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Except for two Sundays in the year, the Last Gospel at the end of the Mass is the beginning of the Gospel of Saint John. 

But why is there a Last Gospel, especially that of Saint John ???

Historically, beginning in about the 13th Century, all Mass Celebrants (i.e. all Bishops and Priests) were required to recite the beginning of the Gospel of Saint John (1:1-14), as the Last Gospel, on the way back to the Sacristy.

But since it was easier to recite it at the Holy Altar before returning to the Sacristy, the Liturgical Custom began of reciting all of these 14 verses of Chapter 1 of the Gospel of Saint John at the Gospel Side of the Holy Altar. 

Pope Saint Pius V, Antonio-Michele Ghislieri [Friday, January 7, 1566 - Monday, May 1, 1572], retained this Last Gospel in his Missale Romanum of Tuesday, July 14, 1570 A.D.

The reason for reciting a Last Gospel at the Mass, which is the beginning of the Gospel of Saint John (1:1-14), was due to the infection of the Clergy with the Heresy of Catharism which had its roots in older heresies such as Manichæanism and Docetism which, in turn, eventually spawned the Heresy of Albigensian. 

The problem was that it was difficult to determine if the Mass Celebrant, whether a Bishop or a Priest, was a Cathar,  Manichæan, or an Albigensian Heretic.  How to solve this problem ???

The answer was the requirement of the recitation of the first fourteen verses of the first chapter of the Gospel of Saint John as the Last Gospel. 

Why  ???

Because the text of this Last Gospel publicly certifies that the Mass Celebrant, in a very public and very clear way, does believe in the Divinity of Jesus Christ. 

In other words, when the Mass Celebrant recites the Last Gospel (John 1:1-14), that Bishop or Priest who Offers that Holy Sacrifice of the Mass thereby publicly ratifies all that he did during that Holy Sacrifice of the Mass, especially that he has in fact really and truly effected Transubstantiation during the Double Consecration.

But it also means that this particular Mass Celebrant publicly attests to the fact that he is not a Cathar,  Manichæan, or an Albigensian Heretic. 

Why  ???

Because Cathar,  Manichæan, and Albigensian Heretics deny the Divinity of Jesus Christ claiming that Jesus Christ is not God the Son but only a finite man, something which is contrary to the express Divinely Revealed Teachings of Saint John the Apostle in his Epistles and especially in the beginning of his Gospel, of which chapter one, verses one to fourteen, compose the Last Gospel of the Mass.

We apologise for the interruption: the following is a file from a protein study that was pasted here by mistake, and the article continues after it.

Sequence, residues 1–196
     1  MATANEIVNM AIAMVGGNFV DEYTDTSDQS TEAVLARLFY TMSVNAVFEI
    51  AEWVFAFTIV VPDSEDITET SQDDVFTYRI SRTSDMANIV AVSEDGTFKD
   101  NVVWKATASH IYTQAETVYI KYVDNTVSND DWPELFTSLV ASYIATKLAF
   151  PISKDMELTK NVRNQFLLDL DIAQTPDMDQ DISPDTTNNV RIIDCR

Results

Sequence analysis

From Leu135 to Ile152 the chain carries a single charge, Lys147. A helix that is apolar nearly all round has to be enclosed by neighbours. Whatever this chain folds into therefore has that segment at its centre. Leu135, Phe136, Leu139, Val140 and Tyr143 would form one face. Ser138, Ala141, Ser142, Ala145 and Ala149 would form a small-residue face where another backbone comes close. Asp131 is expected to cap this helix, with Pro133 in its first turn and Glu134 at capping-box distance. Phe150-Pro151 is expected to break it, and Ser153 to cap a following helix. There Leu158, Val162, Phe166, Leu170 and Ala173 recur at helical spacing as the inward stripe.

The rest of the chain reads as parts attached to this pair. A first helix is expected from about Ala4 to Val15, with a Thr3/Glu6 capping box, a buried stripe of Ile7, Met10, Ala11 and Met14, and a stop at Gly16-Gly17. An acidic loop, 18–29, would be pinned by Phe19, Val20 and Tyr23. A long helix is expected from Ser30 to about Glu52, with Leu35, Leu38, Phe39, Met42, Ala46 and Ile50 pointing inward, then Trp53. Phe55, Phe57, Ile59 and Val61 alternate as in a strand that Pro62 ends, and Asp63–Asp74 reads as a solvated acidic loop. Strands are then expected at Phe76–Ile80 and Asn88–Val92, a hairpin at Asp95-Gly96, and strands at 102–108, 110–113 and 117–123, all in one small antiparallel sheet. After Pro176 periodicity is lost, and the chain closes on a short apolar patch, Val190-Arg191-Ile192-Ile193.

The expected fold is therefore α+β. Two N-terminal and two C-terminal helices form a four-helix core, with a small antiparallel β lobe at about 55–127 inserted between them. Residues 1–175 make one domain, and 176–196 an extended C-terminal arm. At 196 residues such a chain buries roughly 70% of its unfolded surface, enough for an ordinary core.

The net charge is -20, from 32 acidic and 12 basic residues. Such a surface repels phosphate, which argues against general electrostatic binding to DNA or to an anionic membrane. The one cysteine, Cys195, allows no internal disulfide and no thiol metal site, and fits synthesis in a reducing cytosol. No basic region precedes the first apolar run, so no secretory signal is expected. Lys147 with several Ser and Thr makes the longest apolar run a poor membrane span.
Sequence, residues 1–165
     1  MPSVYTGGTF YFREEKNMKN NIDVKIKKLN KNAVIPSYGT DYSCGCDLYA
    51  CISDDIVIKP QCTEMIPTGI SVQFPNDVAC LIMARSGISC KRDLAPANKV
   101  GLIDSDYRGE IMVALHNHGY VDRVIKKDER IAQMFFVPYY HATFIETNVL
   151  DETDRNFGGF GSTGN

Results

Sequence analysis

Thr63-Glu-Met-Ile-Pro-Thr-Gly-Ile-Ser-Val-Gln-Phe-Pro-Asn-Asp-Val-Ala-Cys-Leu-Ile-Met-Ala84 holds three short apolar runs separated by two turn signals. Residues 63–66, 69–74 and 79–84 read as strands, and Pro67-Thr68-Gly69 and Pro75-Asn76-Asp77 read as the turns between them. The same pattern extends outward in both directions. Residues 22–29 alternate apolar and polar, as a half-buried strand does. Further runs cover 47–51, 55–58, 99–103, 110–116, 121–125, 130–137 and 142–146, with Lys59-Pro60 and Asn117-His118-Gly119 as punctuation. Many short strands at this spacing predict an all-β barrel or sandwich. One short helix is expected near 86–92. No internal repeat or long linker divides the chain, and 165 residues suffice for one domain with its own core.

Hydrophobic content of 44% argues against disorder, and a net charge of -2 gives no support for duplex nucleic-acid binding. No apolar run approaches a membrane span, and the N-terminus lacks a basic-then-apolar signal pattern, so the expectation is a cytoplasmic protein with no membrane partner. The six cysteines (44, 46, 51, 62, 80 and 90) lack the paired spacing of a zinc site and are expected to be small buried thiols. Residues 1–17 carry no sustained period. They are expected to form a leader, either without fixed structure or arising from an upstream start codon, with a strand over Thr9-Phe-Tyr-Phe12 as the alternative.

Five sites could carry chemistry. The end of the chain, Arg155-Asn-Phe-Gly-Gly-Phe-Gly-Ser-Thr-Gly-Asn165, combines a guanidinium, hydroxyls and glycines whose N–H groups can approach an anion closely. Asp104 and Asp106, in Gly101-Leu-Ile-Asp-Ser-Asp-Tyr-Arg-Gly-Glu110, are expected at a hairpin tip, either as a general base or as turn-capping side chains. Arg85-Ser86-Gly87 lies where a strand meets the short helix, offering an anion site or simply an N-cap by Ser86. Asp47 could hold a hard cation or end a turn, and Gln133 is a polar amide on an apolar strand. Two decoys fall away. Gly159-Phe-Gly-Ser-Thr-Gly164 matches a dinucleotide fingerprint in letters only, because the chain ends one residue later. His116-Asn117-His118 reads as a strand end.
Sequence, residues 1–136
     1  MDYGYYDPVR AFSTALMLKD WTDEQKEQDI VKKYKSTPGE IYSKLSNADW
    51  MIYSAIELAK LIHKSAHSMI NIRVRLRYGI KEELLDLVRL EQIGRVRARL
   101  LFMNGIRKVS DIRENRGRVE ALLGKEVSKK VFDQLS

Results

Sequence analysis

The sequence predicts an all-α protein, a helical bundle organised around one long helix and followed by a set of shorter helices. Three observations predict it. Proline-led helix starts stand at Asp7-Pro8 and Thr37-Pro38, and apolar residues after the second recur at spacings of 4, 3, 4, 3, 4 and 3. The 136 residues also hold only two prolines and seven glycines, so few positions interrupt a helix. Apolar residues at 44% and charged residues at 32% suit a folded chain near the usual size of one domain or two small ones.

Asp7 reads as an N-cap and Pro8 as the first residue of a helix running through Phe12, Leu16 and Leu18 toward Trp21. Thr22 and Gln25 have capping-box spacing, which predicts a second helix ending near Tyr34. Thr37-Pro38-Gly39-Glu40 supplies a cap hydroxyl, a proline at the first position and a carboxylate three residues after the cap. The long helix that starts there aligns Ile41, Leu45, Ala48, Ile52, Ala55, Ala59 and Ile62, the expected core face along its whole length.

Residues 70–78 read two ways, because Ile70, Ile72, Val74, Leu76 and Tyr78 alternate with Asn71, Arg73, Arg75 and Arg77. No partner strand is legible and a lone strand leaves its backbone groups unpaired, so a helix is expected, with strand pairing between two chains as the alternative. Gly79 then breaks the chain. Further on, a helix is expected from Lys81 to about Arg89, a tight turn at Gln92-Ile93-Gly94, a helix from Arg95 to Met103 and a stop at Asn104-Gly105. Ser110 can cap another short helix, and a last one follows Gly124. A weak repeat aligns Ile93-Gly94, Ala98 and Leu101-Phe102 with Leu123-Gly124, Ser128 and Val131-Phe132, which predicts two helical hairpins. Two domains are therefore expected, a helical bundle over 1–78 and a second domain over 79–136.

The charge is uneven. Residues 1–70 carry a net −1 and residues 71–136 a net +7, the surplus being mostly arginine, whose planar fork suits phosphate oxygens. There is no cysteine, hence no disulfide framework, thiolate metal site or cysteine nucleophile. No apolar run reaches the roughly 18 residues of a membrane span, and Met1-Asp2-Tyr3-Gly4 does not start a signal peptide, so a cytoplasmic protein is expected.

For example, Saint John uses the words et Verbum caro factum est (and the Word was made flesh)  (John 1:14). Based upon the principle of lex orandi, lex credendi (the law of praying is the law of believing [Pope Celestine I],  i.e. you believe what you pray and you pray what you believe), anyone who recites this Last Gospel gives public testimony to the fact that he, the Mass Celebrant, does in fact believe that Jesus Christ is God the Son, the Eternal Logos or Divine Word of God, as Saint John so clearly teaches in the very first verse of his Gospel saying: In the beginning was the Word (i.e. God the Son, Jesus Christ, the Eternal Logos), and the Word was with God, and the Word was God (John 1:1).

But Cathar,  Manichæan, and Albigensian Heretics can not truly say the words: In the beginning was the Word, and the Word was with God, and the Word was God (John 1:1). 

Neither can such Heretics say: And the Word was made flesh (John 1:14). 

Nor, can  they  genuflect  as  they  say  these  words.

Therefore, their inability, or today - their refusal - to do these things publicly, reveals to all present that perhaps they could be suspected of being "born again" Cathar,  Manichæan, and/or Albigensian Heretics  ???

Because the beginning of the Gospel of Saint John is used for the Last Gospel, and since it clearly teaches the Divinity of Jesus Christ in several places, the Cathar,  Manichæan, and Albigensian Heretics who are Bishops (of whatever rank of ecclesiastical jurisdiction) and Priests, do not say this Last Gospel.  Does this somehow "prove" that they, thereby, automatically admit that they are Cathar,  Manichæan, and/or Albigensian Heretics  ???  IF this was the 13th Century, when this first became required, the answer would certainly be "yes"!  So what, IF anything, has really changed since then  ???  The text of the Last Gospel has not changed!